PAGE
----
Last week saw the release of two of the most anticipated rap albums to arrive this year: Southern-fried Mississippi rapper Big K.R.I.T’s Return of 4Eva and the perpetually stoned Pittsburgh representer Wiz Khalifa’s Rolling Papers. Both artists got their big breaks in 2010–Krit with his excellent mixtape Krit Wuz Here and Wiz with his inescapable single “Black and Yellow.”
But make no mistake, these are two rappers following opposite trajectories, and their new releases go to show this. While Krit is emerging as one of the most promising figures in contemporary rap, Wiz Khalifa–despite being named MTV’s “Hottest Breakthrough MC of 2010”–seems destined to burn out quicker than one of his beloved doobies.
Return of 4Eva is an inspired and ambitious Sothern rap record in the tradition of acts like UGK, Scarface, and Outkast. It plays like the thesis of a well-versed Southern rap scholar from the earth-shaking trunk rattler (“My Sub”), to the nothing-to-something narrative (“Dreamin’”), the fired-up Sothern anthem (“Sookie Now”), the 808-heavy party jam (“Get Right”), and the slow-burning bedroom-ready joint (“Highs and Lows”).
But what makes this record, and Krit as an artist, so impressive is his ability to seamlessly blend these time-tested classic styles with unique and original deeper cuts: the Aquemini-esque “Lions and Lambs,” the Faustian ruminations of “Free My Soul,” and the stirring social commentary of “Another Naive Individual Glorifying Greed and Encouraging Racism.”
In this way, Big K.R.I.T., who not only raps but produced every track as well, taps into something that feels timeless and infinite with Return of 4Eva. It’s an exegesis on Southern rap that pays homage to its pioneers while forging new ground. Krit’s butter smooth, drawling flow and his expertly sampled beats are tailor-made for barbecues and driving with the windows rolled down, while maintaining enough depth and zest to sound great on headphones.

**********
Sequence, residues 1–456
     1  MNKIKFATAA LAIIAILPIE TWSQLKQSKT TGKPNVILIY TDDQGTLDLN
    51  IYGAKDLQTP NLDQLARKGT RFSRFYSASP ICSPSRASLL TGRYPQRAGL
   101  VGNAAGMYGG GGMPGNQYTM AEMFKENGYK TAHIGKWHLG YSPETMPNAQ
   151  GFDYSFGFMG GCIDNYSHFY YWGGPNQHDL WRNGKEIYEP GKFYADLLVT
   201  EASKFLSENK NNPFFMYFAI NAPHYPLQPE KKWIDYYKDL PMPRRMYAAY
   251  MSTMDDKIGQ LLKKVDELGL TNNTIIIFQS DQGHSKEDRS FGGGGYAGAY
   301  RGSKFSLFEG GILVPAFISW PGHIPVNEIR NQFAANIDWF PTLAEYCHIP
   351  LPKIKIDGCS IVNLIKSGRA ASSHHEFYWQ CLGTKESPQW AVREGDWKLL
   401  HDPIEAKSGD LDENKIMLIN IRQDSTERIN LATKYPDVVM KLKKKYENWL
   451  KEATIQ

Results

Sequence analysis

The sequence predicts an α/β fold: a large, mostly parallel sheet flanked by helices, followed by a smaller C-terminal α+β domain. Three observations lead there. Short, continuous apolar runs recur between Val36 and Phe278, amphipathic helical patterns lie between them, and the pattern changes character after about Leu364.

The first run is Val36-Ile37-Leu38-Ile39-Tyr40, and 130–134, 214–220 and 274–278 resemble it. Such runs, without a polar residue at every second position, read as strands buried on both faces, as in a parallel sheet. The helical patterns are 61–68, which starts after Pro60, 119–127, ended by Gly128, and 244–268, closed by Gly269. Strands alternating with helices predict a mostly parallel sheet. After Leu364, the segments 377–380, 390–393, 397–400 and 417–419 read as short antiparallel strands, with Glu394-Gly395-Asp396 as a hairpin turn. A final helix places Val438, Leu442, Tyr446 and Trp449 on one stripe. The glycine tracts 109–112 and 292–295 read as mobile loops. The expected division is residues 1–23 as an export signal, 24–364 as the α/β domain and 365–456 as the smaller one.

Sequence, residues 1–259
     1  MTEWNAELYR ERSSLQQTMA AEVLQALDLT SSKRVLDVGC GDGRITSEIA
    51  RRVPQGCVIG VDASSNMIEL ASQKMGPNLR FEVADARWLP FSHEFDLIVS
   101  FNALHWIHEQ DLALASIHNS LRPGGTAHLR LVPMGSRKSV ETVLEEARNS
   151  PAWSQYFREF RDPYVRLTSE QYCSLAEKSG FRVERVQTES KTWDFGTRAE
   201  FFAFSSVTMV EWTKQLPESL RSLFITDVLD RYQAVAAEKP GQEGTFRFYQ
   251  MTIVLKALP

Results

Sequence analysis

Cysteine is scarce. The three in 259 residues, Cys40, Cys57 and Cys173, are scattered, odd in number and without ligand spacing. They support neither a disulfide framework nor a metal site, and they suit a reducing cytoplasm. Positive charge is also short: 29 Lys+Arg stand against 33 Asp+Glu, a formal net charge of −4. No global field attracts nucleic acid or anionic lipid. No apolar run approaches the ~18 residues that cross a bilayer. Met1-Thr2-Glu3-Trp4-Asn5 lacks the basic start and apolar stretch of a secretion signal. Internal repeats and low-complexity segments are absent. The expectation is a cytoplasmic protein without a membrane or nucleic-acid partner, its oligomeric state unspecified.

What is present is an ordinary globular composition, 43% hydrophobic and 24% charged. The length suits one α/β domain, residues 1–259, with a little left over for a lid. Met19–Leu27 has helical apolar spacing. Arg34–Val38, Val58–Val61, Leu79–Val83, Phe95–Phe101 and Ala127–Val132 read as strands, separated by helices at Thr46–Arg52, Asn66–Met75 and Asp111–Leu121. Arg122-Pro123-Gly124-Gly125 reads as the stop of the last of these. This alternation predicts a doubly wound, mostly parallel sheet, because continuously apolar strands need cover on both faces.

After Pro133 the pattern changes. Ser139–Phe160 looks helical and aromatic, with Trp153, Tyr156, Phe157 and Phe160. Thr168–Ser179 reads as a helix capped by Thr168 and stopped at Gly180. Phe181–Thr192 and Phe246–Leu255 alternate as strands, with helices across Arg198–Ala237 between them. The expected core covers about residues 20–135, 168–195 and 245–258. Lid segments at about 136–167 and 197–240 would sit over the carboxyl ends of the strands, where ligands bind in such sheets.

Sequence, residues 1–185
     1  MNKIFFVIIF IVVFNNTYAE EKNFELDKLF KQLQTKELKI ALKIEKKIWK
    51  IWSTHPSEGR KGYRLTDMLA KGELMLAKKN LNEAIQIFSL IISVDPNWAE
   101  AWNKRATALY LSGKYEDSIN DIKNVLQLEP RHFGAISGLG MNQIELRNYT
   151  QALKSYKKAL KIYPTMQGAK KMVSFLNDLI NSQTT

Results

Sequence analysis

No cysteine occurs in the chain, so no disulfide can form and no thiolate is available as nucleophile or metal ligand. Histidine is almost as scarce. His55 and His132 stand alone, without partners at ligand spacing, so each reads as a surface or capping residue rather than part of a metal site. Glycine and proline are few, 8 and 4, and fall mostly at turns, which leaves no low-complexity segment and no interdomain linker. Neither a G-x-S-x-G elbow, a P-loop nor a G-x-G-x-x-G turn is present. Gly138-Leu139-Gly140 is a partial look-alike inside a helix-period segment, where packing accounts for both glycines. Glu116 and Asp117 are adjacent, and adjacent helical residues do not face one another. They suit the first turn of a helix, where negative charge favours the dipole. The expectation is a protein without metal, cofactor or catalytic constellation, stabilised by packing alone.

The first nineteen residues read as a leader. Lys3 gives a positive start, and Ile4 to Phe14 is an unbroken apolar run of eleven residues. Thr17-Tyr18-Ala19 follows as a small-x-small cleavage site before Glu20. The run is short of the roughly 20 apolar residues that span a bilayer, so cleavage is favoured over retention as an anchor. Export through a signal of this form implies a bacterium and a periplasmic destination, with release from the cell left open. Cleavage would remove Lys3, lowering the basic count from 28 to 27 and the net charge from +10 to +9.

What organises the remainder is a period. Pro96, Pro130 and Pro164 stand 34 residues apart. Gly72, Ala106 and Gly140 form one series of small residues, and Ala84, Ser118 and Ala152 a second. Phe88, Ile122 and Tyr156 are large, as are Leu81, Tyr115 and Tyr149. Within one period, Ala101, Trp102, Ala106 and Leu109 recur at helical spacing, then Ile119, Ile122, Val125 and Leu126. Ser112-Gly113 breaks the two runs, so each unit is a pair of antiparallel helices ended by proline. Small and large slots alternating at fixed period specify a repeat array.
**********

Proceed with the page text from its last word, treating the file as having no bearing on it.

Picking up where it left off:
Rolling Papers is another story. In fact it couldn’t possibly contrast R4 more. In what was supposed to be Wiz Khalifa’s big moment, he has produced a certified dud. This is the record that Kid Cudi would make if he was lobotomized and then locked away and only permitted to smoke weed, drink alcohol, and listen to Kelly Clarkson. The beats are boring and generic, the lyrics even more so. Most rappers, even the drunk white kids freestyling at parties, have at least a couple good lines. Not this guy.
There aren’t any other “Black and Yellow” caliber smashes on this album, save for maybe “The Race,” the one song on this album that I was into until Khalifa soiled it by tacking on a boneheaded skit in which his annoying friend wakes him up for no apparent reason. Perhaps it’s a studio outtake from Wiz Khalifa falling asleep in the studio listening to his own boring, worthless music. Domo Genesis’ Rolling Papers, amateur as it is, sounds like a masterpiece compared to this crap.
So don’t be surprised if you see and hear more about Big K.R.I.T. in the near future, especially considering the dearth of big time Souther MC’s left as a result of T.I.’s imprisonment, Lil’ Wayne’s lack of output since his release, and Gucci Mane’s newfound insanity. And don’t be surprised if you don’t hear much of Wiz Khalifa until “Black and Yellow Part 2″ drops next NFL season.
In addition to being awesome, Return of 4Eva is FREE. Download it here.